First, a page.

Mount Olympus occupies a special place in the hearts of all Greeks. It is an area of exceptional natural beauty and cultural and historical significance. It is the mythical home of the twelve gods of the ancient Greek pantheon presided by the Father of the Gods, Olympian Zeus: Zeus was honoured in nearby ancient Dion first identified by the topographer William Martin Leake (1806) and excavated by Professor Dimitrios Pandermalis (from 1973).
It is the home to a wide range of wildlife and many rare plants. Mount Olympus was first declared a National Forest (Ethnikos Drumos) by Royal Decree (856/37) issued in 1938 by King George II of Greece, making the area the first Ethnikos Drumos in the country. In the same year (1938) as the creation of the Mount Olympus Ethnikos Drumos, Mount Parnassus received the same status opening the road for the creation of many more.
Today there are 27 National Parks in Greece altogether, including 10 National Forests, 2 Marine Parks and 15 National Parks. Areas given protected status after 1995 have been named National Parks to reflect that the Greek natural heritage is viewed holistically and not with an exclusive focus on forested areas.
The new decree by the President of the Hellenic State Aikaterini Sakellaropoulou replaces the 1938 legislation and adds further protections; something that has been eagerly awaited for ten years. The mountain is divided in four zones with a strict set of rules governing each.
The Greek Government has greeted this initiative as a ‘mighty shield of protection’ for Mount Olympus and expressed the hope that the new National Park will soon enter UNESCO’s list of World Heritage Sites. Mount Olympus has already been declared World Biosphere Reserve by UNESCO (1981) and listed by the European Union as one of the most important areas for bird life. It is also part of the Natura 2000 European Network for rare natural habitats. The area is noted for its many ancient and Christian monuments.
These include the chapel of Prophitis Ilias, a beloved prophet whose churches are always found on mountaintops in the Orthodox world; several monasteries adorn the area too. The Olympus National Park Information Center in the nearby town of Litochoro (opened in 2016) guides the visitor through the rich cultural, historic and natural heritage of Mount Olympus and the National Park.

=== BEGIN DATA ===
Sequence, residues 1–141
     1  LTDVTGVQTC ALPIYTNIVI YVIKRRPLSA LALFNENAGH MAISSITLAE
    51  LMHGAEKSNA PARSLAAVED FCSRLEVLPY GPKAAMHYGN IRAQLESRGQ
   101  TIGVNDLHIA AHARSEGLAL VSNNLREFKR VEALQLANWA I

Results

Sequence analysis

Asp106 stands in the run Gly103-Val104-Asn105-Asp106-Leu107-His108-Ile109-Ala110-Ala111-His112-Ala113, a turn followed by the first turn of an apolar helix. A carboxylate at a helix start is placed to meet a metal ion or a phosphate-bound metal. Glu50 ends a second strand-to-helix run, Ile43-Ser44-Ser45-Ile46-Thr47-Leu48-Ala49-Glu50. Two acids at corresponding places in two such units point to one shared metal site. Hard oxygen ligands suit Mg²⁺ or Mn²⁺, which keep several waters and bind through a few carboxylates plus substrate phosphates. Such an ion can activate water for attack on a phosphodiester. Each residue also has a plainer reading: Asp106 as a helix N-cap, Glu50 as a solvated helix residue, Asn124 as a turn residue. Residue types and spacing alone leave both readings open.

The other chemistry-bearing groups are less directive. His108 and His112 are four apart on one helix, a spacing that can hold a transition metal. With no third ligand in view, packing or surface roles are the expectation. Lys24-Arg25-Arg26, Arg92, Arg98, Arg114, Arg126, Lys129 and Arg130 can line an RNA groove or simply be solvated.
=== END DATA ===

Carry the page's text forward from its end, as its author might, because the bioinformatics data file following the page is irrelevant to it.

Close proximity to the (Aegean) Sea as well as its different elevation zones give Olympus a fantastic range of biodiversity. There are more than 1,700 plants on Mount Olympus representing about a quarter of the Greek flora. These include rare endemic species as well as Alpine. Some of the plants found on Mount Olympus are not recorded anywhere else in the world. Such plants are called endemics and at least 26 of them have been listed to date. An authoritative study entitled Wild flowers of Mount Olympus by the distinguished Swedish botanist Arne Strid gives a wonderful introduction to the subject. More than 1000 species are covered in his book accompanied by 100 illustrations. The wildflowers dominate Olympus above the tree line – 8,202 feet (2,500 meters), while among the trees found lower down on the mountain are maples, oaks, elms, wild cherry trees, arbutus trees (strawberry trees), hazel trees, cedars and many different pines. Beeches and black pine trees are found at higher altitudes; willows and sycamores near water.
Among the diverse fauna of the mountain are 108 different birds among which can be found some handsome and rare birds of prey as well as storks, rock doves and rock partridges. Regrettably, some of the large mammals originally found on the mountain are not there any longer, namely lions (mentioned by the ancient geographer Pausanias), bears and the red deer. Roe deer, wildcats, wild boars and red foxes are still seen there.
Olympus is a magnificent mountain with 52 peaks, the highest and most well known being Mytikas (also called Pantheon in tribute to the ancient gods) at 9,570 feet (2,917 m). It has inspired climbers since 1913 when a local woodcutter and wild goat hunter, Christos Kakkalos and two Swiss travellers where the first to conquer Mytikas. The companions of Kakkalos on this first famous climb were the photographer Fred Boissonnas and the art historian Daniel Baud-Bovy, both intrepid adventurers and ardent Philhellenes. Kakkalos became an official Mount Olympus guide and one of the nine refuges (shelters) on the mountain bears his name.
An estimated 1,000,000 people have climbed Olympus since that day. The nearest city to Mount Olympus is Katerini and the nearest international airport is Thessaloniki. On a clear day, Mount Olympus can be seen from Thessaloniki across the sea. The nearest railway stations are Litochoro, Leptokarya and Katerini. The lovely town of Litochoro is at the eastern foothills of the mount and used as a base for many expeditions. It is served by KTEL buses and taxis. The town also boasts a mountaineering club. Lovers of history will recall that Litochoro is connected with the name of Rigas Feraios (Velestinlis) who found refuge there for a time.